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School calendar: A local decision

Local education authorities (LEAs) are given the responsibility by the Department of Public Instruction of raising student achievement. Consequently, LEAs are held up to intense public scrutiny regarding the results of their efforts. Therefore, local control over all available resources should be given to those responsible for student achievement. 

One of the most over-controlled resources in North Carolina is time. 

Local school boards should bear the responsibility of using the calendar to meet the educational needs of the students in their districts.

The 180-day school calendar is centuries old.

The 180-day school calendar is centuries old. Very little about education is the same as it was 150 years ago.  Local school boards should be given the flexibility to extend and rearrange the school year without requesting waivers from the State Board of Education. Some students in urban districts may need more time for learning.  Some high-poverty districts may need to avoid summer learning loss by rearranging the calendar (Johnson & Spradlin, 2007).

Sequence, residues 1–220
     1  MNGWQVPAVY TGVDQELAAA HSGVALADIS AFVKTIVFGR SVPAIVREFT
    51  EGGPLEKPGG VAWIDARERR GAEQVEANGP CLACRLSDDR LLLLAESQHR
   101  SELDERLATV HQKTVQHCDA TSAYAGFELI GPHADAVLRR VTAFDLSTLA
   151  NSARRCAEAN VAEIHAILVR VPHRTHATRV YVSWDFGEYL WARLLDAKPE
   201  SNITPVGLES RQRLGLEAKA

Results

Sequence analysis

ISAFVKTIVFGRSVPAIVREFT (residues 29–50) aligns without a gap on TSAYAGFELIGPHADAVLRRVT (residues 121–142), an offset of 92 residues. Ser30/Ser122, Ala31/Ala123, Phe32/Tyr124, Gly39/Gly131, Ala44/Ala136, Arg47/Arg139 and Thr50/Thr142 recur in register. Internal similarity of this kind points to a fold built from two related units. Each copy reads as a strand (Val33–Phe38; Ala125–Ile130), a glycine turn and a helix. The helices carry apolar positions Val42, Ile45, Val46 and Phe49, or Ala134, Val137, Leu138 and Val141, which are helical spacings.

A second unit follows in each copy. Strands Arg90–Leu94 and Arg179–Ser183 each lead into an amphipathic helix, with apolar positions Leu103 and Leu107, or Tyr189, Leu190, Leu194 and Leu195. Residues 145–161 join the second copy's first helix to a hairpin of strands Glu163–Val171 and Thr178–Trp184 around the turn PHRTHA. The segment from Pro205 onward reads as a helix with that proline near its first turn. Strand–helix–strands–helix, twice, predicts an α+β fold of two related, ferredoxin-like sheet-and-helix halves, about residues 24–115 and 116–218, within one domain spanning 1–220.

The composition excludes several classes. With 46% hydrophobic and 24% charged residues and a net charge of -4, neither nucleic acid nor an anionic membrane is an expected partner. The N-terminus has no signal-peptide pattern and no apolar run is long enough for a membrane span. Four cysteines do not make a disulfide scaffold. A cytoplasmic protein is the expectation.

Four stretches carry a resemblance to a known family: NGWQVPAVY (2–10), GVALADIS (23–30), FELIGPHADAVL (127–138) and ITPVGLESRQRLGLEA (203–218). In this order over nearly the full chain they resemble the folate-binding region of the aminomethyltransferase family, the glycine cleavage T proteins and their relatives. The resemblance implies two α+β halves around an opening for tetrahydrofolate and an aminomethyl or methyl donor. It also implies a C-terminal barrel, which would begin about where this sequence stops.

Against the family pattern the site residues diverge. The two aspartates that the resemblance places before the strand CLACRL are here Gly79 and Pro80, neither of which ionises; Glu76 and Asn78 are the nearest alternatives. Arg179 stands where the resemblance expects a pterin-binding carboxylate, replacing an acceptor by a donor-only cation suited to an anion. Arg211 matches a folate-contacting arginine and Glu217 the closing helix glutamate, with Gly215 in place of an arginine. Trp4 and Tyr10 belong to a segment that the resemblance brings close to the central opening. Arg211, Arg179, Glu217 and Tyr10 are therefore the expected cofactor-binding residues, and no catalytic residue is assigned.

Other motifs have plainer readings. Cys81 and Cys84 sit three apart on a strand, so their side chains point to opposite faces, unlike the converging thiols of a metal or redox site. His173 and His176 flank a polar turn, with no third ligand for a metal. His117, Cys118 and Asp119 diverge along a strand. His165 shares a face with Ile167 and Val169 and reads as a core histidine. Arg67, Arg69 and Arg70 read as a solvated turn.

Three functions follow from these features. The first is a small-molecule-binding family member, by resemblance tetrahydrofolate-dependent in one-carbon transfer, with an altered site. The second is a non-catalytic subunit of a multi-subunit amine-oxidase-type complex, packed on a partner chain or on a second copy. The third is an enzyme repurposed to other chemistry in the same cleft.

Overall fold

Calendar reform should be based on the quality of learning rather than quantity. Several school districts in North Carolina can expect to lose a week or more of school because of weather conditions. Time made up for weather-related school loss can often be just that: time made up. Precious middle-of-the-year learning time lost due to weather is often tacked on at the end of a school year. If the beginning and ending dates of the school year were determined by local school boards, then a calendar could be created to accommodate anticipated snow days without compromising instruction.

Time for teaching and learning based on tradition, convention, or governing convenience should be examined through the lens of school effectiveness.

As LEAs are charged with improving the quality of education in their districts, so should they be given control over resources. Time for teaching and learning based on tradition, convention, or governing convenience should be examined through the lens of school effectiveness (Weiss & Brown, 2003).  Decisions regarding school improvement, including the school calendar, should be made locally.

 

Photo courtesy of Bruce Drysdale Elementary School
Photo courtesy of Bruce Drysdale Elementary School

 

References

Johnson, S.P. & Spradlin, T. E. (2007). Alternative to the traditional school-year calendar. Education Policy Brief, 5(3), 1-11.

Weiss, J & Brown, R. S. (2003). Telling tales over time: constructing and deconstructing the school calendar.  Teachers College Record.

Christine Smith

Christine Smith is the principal of Bruce Drysdale Elementary School in Hendersonville, N.C.